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Stem Cell Research

From the Foundation Fighting Blindness

By Mitsy Palmer
As many of you know, President Bush spoke last night on his decision to allow Federal funding of stem cell research using embryonic stem cell lines that already exist. Many people with retinal degenerative disease may wonder how this decision affects research to find treatments and cures.

While embryonic stem cells may hold great promise in treating many diseases, vision researchers are currently focused on the use of so called adult retinal stem cells, or retinal progenitor cells for use in retinal cell transplantation.

In 2000, Foundation-supported scientists Dr. Derek van der Kooy of the University of Toronto and Dr. Iqbal Ahmad from the University of Nebraska each reported on the discovery of adult stem cells, or progenitor cells, in the eyes of adult rodents. These cells are thought to confer even greater advantage than embryonic stem cells in that they already have some characteristics of retinal cells while retaining their ability to replicate themselves. When removed from the eye and cultured, a single retinal progenitor cell produced 15,000 cells within one week.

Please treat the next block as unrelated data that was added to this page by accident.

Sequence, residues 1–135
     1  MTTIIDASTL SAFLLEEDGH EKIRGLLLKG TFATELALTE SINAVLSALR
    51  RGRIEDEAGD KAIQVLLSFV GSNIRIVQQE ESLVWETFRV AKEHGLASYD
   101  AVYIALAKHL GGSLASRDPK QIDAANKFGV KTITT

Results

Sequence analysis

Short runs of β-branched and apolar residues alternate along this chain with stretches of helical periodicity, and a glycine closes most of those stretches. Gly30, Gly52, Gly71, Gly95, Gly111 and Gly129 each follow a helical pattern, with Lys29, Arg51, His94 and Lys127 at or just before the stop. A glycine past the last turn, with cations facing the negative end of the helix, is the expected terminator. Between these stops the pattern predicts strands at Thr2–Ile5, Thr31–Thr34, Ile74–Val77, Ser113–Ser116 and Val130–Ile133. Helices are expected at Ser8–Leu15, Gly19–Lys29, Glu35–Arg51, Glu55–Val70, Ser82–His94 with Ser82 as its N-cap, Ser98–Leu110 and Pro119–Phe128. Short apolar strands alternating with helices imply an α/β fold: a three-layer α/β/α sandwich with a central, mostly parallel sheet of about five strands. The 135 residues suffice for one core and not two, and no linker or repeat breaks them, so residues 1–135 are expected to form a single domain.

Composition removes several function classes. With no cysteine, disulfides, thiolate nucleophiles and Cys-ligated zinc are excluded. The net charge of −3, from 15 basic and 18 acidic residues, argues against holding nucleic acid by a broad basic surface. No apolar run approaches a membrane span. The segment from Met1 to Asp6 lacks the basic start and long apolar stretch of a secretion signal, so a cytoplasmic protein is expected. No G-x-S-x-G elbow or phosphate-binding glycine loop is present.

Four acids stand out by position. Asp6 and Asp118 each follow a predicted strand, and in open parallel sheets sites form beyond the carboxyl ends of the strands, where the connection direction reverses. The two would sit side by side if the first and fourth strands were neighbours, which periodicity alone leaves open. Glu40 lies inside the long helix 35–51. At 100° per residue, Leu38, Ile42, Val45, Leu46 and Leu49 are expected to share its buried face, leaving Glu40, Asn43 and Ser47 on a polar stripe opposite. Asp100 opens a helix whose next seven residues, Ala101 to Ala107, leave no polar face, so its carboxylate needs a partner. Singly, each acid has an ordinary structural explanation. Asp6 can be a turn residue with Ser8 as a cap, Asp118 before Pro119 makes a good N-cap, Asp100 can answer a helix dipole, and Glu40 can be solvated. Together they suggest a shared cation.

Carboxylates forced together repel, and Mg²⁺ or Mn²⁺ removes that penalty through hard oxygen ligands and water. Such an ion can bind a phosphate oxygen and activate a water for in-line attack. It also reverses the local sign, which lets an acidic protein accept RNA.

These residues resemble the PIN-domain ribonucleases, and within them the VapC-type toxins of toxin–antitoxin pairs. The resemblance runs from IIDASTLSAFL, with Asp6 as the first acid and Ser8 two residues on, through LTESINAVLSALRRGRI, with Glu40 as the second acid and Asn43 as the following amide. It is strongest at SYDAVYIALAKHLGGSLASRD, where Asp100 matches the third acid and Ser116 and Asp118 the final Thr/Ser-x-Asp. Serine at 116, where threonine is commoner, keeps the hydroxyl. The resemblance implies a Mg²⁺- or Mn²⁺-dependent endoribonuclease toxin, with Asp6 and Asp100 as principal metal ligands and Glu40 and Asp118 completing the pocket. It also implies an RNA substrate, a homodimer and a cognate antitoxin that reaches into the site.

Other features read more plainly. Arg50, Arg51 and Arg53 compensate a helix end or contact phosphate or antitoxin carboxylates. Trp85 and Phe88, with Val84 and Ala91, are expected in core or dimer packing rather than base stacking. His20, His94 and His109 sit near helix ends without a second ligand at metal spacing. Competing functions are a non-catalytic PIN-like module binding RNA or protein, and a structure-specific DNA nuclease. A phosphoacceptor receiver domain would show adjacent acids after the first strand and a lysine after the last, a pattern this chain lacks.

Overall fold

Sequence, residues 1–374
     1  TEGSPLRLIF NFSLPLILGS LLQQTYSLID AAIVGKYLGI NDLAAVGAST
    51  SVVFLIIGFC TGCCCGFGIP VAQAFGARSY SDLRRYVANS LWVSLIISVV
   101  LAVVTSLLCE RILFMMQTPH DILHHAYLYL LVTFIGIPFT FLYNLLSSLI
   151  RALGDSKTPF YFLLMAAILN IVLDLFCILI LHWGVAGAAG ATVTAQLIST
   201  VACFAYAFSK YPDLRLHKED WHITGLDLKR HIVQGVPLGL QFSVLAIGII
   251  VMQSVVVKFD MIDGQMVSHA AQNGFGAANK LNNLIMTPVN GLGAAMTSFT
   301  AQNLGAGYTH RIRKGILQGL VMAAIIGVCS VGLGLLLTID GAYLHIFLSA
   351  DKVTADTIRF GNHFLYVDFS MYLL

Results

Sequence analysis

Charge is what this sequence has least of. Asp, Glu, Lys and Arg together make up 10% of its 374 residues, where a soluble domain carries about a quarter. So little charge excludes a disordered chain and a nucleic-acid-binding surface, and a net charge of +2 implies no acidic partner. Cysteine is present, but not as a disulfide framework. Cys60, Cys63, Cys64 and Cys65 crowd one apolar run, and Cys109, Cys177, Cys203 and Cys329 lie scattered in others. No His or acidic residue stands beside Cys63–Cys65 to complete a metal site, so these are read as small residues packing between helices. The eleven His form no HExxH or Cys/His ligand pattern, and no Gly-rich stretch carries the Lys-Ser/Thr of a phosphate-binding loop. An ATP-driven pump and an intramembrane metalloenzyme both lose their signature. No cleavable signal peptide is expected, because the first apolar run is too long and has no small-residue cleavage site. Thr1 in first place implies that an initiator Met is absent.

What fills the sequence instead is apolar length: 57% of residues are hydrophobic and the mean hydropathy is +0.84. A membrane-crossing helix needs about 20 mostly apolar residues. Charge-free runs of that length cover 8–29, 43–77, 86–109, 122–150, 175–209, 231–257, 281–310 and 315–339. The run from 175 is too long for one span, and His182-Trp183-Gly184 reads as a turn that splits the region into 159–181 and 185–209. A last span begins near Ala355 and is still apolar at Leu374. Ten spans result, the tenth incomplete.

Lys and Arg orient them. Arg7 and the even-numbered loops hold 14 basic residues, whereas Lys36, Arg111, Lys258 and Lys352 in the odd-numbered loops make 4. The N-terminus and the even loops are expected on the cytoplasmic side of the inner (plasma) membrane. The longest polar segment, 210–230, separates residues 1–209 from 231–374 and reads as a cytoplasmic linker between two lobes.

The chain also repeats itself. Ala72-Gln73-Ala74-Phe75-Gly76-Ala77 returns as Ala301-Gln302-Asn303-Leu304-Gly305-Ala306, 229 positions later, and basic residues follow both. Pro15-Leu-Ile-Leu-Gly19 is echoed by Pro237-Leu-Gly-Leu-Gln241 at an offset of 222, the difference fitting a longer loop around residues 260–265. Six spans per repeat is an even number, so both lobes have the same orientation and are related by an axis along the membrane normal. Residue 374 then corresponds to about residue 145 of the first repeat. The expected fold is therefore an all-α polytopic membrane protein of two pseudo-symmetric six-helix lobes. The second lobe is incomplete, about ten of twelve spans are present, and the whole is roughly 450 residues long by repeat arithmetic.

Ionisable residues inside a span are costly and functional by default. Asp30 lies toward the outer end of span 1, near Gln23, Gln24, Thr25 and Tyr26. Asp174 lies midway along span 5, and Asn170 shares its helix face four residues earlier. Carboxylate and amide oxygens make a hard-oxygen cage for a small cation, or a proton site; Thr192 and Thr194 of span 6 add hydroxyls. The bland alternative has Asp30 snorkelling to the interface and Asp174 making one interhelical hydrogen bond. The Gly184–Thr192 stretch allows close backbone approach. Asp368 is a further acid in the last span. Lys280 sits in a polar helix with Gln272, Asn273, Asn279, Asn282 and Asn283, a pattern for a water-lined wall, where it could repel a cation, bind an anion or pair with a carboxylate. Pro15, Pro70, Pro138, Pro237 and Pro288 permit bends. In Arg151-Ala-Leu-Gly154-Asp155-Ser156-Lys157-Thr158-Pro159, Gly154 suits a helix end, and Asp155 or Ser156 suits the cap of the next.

Discovery of retinal progenitor cells in the eyes of adult mammals has sparked intense scientific investigation to determine what variety of cell types these cells are capable of manufacturing, and how to biologically coax these cells into making the transition to fully functioning, mature photoreceptor cells. Early studies have made clear that these adult retinal stem cells are already much closer to becoming viable photoreceptor cells than embryonic stem cells.

In December 2000, The Foundation sponsored a meeting to discuss the application of stem cell research to retinal degenerative disease. To learn more about recommendations from this meeting and the application of stem cell research to retinal
degenerative diseases, please visit our Web site at:

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Date last modified August 13, 2001